First-ever cybercrime ranking defined by University of Oxford: Russia at the top

In the first-ever cybercrime ranking, Russia is far ahead of Ukraine, China, the United States, and Nigeria.

The authors of a study by the University of Oxford and the University of New South Wales in Canberra came to these conclusions, and Deutsche Welle reported the results on April 10.

The biggest cybercrime threat comes from a few countries

The biggest threat worldwide from cybercrime comes from a small number of countries, with Russia as its main center, followed by Ukraine, China, the United States, and Nigeria.

The authors of a study from the University of Oxford and the University of New South Wales in Canberra, who published the results on April 10, came to these conclusions.

Over the course of three years, the study assessed the most significant sources of cybercrime and, for the first time in history, ranked countries according to the World Cybercrime Index (WCI). The rankings were based on the opinions of 92 leading cybercrime experts from around the world.

The researchers asked them to identify the most significant sources of the five main types of cybercrime and to rate countries based on the results of cyberattacks, professionalism, and technical capabilities of the hackers operating in them.

Russia ranked first in cybercrime ranking

Russia, ranked first, received 58.39 points, followed by Ukraine (36.44 points), China (27.86 points), the United States (25.01 points), and Nigeria (21.28 points). Romania (14.83 points), North Korea (10.61 points), the United Kingdom (9.01 points), Brazil (8.93 points), and India (6.13 points) also made it to the top ten hotbeds of global cybercrime.

Iran, Belarus, Ghana, South Africa, Moldova, Israel, Poland, Germany, the Netherlands, and Latvia took the 11th to 20th positions, respectively. All of these countries’ WCI scores do not reach 5 points.

According to Miranda Bruce, co-author of the study, the research results will allow national cybersecurity agencies to focus their work on key hacker activity centers. It will “help to remove the veil of anonymity around cybercriminals” and more effectively combat the growing threat of online crime.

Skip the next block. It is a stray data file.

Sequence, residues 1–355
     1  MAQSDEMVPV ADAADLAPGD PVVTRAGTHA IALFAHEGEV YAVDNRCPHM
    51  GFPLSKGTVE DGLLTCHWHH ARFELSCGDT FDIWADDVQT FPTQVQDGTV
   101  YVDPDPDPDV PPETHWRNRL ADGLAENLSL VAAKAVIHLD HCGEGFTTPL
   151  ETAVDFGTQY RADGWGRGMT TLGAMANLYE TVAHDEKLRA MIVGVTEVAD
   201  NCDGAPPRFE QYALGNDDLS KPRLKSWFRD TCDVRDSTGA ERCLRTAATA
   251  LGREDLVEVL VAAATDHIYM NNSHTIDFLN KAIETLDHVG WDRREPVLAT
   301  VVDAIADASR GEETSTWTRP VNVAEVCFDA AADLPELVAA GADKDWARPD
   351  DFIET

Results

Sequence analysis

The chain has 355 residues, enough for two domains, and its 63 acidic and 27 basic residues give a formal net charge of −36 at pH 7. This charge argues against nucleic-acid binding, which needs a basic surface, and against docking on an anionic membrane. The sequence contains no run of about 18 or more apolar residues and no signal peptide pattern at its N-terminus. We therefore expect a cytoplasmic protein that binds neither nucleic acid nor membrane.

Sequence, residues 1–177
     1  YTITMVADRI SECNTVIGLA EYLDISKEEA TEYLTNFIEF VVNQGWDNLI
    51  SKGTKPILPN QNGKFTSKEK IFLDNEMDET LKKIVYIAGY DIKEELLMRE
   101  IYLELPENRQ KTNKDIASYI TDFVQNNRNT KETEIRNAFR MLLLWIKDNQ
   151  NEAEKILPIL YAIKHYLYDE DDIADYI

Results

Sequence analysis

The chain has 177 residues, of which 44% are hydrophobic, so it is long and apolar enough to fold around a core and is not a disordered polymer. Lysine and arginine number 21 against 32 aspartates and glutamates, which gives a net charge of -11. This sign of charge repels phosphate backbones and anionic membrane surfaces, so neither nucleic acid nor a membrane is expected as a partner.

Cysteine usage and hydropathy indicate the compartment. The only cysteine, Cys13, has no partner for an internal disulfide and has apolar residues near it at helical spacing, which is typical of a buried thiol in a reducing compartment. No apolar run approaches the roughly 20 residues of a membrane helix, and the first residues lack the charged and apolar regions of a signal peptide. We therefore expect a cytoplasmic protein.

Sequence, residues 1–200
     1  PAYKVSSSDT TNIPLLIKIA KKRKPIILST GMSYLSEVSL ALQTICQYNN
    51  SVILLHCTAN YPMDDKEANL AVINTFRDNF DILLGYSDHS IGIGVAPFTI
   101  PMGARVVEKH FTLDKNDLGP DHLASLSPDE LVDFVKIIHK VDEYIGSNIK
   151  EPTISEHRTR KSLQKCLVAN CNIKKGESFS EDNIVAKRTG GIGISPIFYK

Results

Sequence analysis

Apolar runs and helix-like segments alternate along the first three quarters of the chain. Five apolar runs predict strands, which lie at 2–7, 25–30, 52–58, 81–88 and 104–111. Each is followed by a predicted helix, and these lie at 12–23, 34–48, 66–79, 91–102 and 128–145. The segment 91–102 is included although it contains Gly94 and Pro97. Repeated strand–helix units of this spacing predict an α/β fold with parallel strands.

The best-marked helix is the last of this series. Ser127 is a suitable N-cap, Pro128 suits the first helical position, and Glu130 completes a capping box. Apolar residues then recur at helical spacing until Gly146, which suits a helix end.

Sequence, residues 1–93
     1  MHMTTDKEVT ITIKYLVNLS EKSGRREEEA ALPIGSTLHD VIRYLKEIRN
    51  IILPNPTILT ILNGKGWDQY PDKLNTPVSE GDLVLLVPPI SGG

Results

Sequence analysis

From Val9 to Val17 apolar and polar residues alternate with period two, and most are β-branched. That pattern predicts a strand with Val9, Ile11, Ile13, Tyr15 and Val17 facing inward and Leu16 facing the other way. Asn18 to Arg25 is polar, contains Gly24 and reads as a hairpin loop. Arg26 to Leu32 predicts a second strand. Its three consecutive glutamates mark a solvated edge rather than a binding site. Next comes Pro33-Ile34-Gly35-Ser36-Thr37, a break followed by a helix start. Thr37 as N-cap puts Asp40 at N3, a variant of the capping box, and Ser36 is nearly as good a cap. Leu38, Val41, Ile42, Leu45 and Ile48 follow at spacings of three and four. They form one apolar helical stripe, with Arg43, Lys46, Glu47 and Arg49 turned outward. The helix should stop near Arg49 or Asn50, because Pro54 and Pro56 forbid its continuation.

Presenting the results of the study, the researchers emphasized that they hope to study the impact on cybercrime of various national characteristics, including education, GDP, and corruption.

Russian spying scandal in Austria

Recently, Austria has been hit by its biggest espionage scandal in decades, as the arrest of a former intelligence officer reveals evidence of extensive Russian spy infiltration.

The scandal erupted with the arrest on March 29 of former intelligence officer Egisto Ott, accused of, among other things, passing on the cell phone data of former high-ranking Austrian officials to the Russian secret services.

Spanish media alert over Russia’s hybrid war

Also, Spanish media outlet EL PAIS wrote that Russia’s hybrid war in Europe employs a variety of techniques, including espionage, misinformation and propaganda efforts, and influence activities, to cause havoc and destabilize Europe.

Two months before the vital European Parliament elections, the EU has cautioned in many confidential reports, which EL PAIS has seen, that the Kremlin is intensifying its campaigns. The latest coordinated investigation by multiple European intelligence agencies against a Kremlin influence network has raised anxieties.

Russian troll network disclosed in the US

The Kremlin intensifies its propaganda efforts not only in EU countries but also in the United States, with the same goal of undermining military aid to Ukraine. The Washington Post reports that Russia has established a vast network of “trolls” with the intention of weakening US support for Ukraine. 

The purpose of the Russian troll network is to incite anti-Ukrainian sentiment by manipulating political discussions in the US Congress and other platforms. Kremlin bot farms have produced thousands of fake news stories, posts, and social media comments supporting American isolationism, the media claimed.

A wide range of internal Kremlin documents obtained by a European intelligence agency and examined by The Washington Post disclose that Kremlin-linked political strategists and trolls have been writing thousands of fake news pieces that support American isolationism, incite fear over border security, and try to escalate U.S. economic tensions.

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